In February 2019 a weather phenomenon known as an atmospheric river (AR) occurred in the eastern Pacific. An AR is a narrow corridor of concentrated moisture in the atmosphere – like a river in the sky. When it made landfall it dumped massive volumes of rain on to the US west coast, leading to flooding and landslides in California. In its aftermath a team of scientists comprising meteorologists and computer scientists from NOAA and the University of Maryland decided to simulate the AR event in virtual reality (VR).
To do this they ran raw data from the AR event through a VR software tool they had created known as MeteoVis. A video of their results can be viewed on YouTube. While viewing it this way is somewhat limiting,
as you miss out on the fully immersive 3D experience of seeing it through a VR headset, the video nonetheless offers a showcase of the potential for VR in meteorology.
“What’s important in an AR event is the precipitable water – the amount of moisture at different layers,” says Scott Rudlosky, a physical scientist in the satellite climate studies branch of the NOAA and part of the MeteoVis team. “Forecasters can see visuals of that with our current system, but what’s neat about the VR is that you can overlay the wind with that moisture. So you can say, ‘Okay, not only is there a big plume of moisture, but it’s moving and the winds are strengthening and there’s going to be more moisture transport.’”
This ability to display multiple weather phenomenon together is one of the biggest advantages VR offers over current weather visualization tools, according to Peter Bauer who is deputy director of research at the European Centre for Medium-Range Weather Forecasts (ECMWF) in the UK.
“It allows you to learn a lot more about the model, you can actually see how the processes that you simulate interplay and whether that is realistic or not,” says Bauer.
Most current weather visualization tools – the Advanced Weather Interactive Processing System (AWIPS) used by NOAA, for example – display data sets in a two-dimensional field. This is despite the fact that most of the data sets themselves are 3D, notes Peter Messmer, principal devtech engineer at AI company Nvidia.
“If you take a simple variable like the cloud coverage fraction, it’s a 3D volume spanning the entire globe,” says Messmer, who has been collaborating with Bauer’s team at the ECMWF to make VR simulations out of ECMWF climate data. “Yet the data that is typically generated for operational uses from this variable is 2D. So forecasters take slices off this volume and project it down onto a 2D surface.
“For many use cases this is perfectly okay. For example, if I’m a pilot I don’t care about the full three-dimensional structure of the windshield. All I care about is what the wind is doing along the trajectory of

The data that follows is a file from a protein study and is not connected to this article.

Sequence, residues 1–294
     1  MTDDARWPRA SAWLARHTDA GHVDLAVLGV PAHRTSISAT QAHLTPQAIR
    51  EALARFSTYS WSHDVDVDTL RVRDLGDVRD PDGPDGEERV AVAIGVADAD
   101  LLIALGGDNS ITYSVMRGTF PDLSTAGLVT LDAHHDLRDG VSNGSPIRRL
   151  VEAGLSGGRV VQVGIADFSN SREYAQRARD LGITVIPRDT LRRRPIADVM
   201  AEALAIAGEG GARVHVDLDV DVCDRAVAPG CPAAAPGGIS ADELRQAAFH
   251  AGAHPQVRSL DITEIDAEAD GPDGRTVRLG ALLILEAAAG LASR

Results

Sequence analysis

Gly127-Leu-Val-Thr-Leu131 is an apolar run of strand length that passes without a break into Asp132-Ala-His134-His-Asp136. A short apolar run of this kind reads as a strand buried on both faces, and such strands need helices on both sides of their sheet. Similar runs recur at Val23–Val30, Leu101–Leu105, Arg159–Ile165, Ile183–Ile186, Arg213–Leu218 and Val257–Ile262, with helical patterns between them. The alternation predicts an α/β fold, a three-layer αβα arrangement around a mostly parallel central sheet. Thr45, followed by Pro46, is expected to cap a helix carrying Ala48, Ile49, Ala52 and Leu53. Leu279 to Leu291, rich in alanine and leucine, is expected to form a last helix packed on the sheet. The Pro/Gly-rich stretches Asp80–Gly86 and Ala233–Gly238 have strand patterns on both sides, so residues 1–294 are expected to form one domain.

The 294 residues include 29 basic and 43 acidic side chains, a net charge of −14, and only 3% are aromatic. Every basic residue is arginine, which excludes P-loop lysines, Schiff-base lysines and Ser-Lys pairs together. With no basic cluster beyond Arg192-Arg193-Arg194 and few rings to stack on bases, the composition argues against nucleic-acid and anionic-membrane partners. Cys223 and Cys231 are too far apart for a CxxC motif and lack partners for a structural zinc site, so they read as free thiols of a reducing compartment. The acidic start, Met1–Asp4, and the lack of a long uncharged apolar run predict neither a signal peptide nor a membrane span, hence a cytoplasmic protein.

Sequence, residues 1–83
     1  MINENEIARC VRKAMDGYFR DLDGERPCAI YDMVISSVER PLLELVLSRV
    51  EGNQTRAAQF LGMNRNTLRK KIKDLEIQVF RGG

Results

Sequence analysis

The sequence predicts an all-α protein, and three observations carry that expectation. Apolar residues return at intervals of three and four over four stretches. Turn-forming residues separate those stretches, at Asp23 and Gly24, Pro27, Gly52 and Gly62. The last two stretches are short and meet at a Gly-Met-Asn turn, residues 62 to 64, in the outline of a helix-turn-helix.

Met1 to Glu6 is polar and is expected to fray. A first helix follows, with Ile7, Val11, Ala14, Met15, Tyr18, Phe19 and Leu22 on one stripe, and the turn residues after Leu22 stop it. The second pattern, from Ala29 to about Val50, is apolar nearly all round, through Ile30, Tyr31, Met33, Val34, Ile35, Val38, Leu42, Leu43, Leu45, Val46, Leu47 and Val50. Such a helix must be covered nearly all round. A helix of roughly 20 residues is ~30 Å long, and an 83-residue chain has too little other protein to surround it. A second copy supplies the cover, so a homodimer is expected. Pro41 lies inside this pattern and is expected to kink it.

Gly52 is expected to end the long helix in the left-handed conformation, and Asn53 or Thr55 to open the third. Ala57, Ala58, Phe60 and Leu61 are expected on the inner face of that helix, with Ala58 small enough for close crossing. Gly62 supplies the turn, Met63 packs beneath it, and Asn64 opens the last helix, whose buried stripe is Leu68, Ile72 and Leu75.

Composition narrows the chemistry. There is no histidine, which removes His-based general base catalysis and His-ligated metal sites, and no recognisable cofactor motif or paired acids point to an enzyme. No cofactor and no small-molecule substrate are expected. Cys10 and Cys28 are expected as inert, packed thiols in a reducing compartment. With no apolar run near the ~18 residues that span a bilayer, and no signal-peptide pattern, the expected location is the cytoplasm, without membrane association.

But when forecasters are interested in the full three-dimensional structure of a particular data set, the 2D visualizations become limiting, notes Patrick Meyers, a researcher in the earth science department at the University of Maryland and part of the MeteoVis team.
“With AWIPS, if you want to look at different levels of the atmosphere it’s just a bunch of plots on top of each other and you’re left having to interpret a 2D field,” says Meyers. “But with an immersive VR experience you’re suddenly in the atmosphere. You can see everything around you and the physical relationship between these different features of the atmosphere.”
Getting fully immersed
Of course, three-dimensionality is not a new concept in weather visualization. The software already exists to create 3D visualizations of weather data sets. But even with these 3D visualizations it can still be hard to fully apprehend the 3D structures of the atmosphere because of what Messmer refers to as the “unnatural intermediate steps” the viewer is forced to undertake.
According to Messmer, if a user wants to look in a particular direction they have to tell their brain to move a mouse and then once navigated into position, the user is faced with a 3D structure that appears as a 2D projection on their screen, which their brain then has to transform back into 3D.
With VR these intermediate steps are bypassed and the viewer can move intuitively through the virtual environment, turning their head in the direction they want to look, while being fully immersed in the 3D experience. This immersive experience can be especially useful, according to Messmer, in helping meteorologists identify anomalies in the models that might otherwise be much harder to detect through a finecombing of the data or through traditional 2D or 3D renderings.
He explains, “If you take cloud data, for example. We all have a pretty intuitive understanding of what clouds should look like. So if you’re in the same space as the cloud and able to look all around it, it’s a much easier way to detect when something looks strange.”